Boss Of The Week

Amal Fashanu: Compassionate, Industrious, Woman of Many Parts

By Eric Elezuo

Like a mustard seed, Amal Fashanu, daughter of ex-international football star, John Fashanu, has grown to become a great oak tree. The beautiful woman has transcended obstacles to become one of the best the world can offer in fashion, activism, journalism and many more.

Born on August 21, 1988 to Nigerian-born soccer ambassador, John Fashanu and Spanish model Marisol Acuna in Great Portland Hospital, London, Amal is not just a very beautiful woman as a lot of people say; she is extremely gorgeous, brilliant, focused, up to date, kind and down to earth.

Well read and highly educated, she attended St Christina’s School in London, before moving to Madrid in 1999 to study at Runnymede College. In 2006, at the age of 18, Amal started her studies at Brunel University in London, where she received a BASc in Communications and Media Studies. She followed it up with a Master’s degree in Handbag Design from IED University in Madrid.

She went ahead to float a fashion label known as Black Heart Label, a clothing brand designed to promote activism through fashion, and Amal Fashanu Handbags, a brand that creates luxury handbags and accessories while promoting small businesses, in addition to her contributory write ups to the Huffington Post, The Guardian, and OK Nigeria, not to mention that she is an ambassador to You You Mentoring. Amal is practically a woman of many parts.

Amal’s sojourn into the world of fashion was nothing accidental because back in the university, she had a successful career in modeling, stepping out alongside Professor Green for Puma in FHM among others.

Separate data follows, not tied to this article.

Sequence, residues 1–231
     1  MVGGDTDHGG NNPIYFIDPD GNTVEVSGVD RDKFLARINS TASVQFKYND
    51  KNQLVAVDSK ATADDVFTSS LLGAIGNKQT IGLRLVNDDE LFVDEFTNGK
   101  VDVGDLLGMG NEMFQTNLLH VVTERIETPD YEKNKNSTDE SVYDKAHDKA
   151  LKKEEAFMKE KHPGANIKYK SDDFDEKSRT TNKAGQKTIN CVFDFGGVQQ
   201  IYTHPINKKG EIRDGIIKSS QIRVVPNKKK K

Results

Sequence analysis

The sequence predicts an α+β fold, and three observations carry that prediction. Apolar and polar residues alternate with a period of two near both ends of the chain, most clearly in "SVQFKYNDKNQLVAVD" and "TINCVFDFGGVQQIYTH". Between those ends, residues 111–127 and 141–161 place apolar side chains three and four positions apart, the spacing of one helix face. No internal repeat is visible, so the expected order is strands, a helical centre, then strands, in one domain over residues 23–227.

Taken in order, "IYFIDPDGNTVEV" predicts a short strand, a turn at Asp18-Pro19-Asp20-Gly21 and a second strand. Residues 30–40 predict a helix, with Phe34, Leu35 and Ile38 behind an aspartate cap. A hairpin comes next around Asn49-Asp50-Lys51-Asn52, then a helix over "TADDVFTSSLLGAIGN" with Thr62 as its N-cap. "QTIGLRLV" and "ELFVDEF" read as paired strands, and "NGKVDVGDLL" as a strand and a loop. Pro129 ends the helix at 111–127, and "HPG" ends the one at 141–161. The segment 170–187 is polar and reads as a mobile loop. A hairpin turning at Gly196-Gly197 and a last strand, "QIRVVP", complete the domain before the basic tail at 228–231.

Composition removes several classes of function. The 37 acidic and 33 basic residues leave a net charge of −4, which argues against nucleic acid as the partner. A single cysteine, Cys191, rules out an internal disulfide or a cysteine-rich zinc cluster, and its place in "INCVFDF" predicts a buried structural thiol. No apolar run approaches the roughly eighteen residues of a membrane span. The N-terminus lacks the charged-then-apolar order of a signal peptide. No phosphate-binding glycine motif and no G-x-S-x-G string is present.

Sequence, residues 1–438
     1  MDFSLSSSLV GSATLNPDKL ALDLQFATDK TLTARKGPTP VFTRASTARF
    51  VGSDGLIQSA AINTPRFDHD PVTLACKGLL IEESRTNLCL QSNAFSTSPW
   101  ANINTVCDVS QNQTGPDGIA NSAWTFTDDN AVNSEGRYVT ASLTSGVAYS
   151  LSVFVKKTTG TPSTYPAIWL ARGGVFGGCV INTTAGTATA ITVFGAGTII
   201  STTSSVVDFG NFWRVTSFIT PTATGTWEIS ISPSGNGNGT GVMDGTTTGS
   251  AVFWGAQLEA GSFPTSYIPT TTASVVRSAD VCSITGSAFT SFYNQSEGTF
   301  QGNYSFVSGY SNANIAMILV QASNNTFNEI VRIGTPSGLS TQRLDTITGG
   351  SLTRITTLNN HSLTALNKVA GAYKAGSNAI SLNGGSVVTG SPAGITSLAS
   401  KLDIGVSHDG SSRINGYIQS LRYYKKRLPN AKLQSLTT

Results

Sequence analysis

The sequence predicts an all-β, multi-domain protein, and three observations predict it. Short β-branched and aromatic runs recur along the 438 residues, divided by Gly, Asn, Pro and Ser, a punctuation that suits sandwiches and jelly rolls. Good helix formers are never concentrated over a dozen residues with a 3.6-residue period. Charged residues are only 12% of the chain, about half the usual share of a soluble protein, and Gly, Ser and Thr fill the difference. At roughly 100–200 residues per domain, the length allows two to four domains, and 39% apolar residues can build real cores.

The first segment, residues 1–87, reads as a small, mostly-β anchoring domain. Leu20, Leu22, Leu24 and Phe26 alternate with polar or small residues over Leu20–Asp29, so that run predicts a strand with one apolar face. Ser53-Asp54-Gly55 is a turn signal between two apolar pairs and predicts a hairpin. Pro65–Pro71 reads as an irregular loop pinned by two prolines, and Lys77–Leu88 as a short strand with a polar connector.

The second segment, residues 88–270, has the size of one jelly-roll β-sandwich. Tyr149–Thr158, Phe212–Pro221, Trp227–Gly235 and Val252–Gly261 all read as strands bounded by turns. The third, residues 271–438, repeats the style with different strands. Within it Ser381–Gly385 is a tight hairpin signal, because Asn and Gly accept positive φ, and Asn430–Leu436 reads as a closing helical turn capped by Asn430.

Reveling successfully as a presenter, journalist, fashion designer and activist against homophobia in sport, Amal among many firsts, has produced a BBC3 documentary Britain’s Gay Footballers, just as she runs the Justin Fashanu foundation; a foundation she and her father set up in honour of her uncle, Justin, who she loved so dearly, to eliminate prejudice and tackle homophobia in sport. Justin, who was Britain’s first black £1m footballer, and openly gay, died in 1998 at the age of 37. Amal was barely 10 years then.

Following Justin’s death, Amal in 2012, at the age of 24 had her BBC 3 Documentary Britain’s Gay Footballers released. It received critical acclaim, lending credence and popularity to the young presenter, and launching her on the path to stardom. The documentary explored homophobia and discrimination within the football world, and was nominated for numerous awards, including a British Broadcasting Award in 2013.

The success of her first documentary emboldened her to make a second attempt, and that birth the The Batman Shootings also in 2012. The documentary covered the massacre in a US cinema in which 12 people were killed by a lone shooter. They were watching The Dark Knight Rises. In 2015, she released her third documentary with the title, Find A Home For My Brother. This explored the care provisions that are in place for young people with learning disabilities in the United Kingdom and Ghana. The documentary, by its title, may have been a prophesy or prediction to the final acceptance of Justin into the hall of fame though the content of the film has nothing to do with him.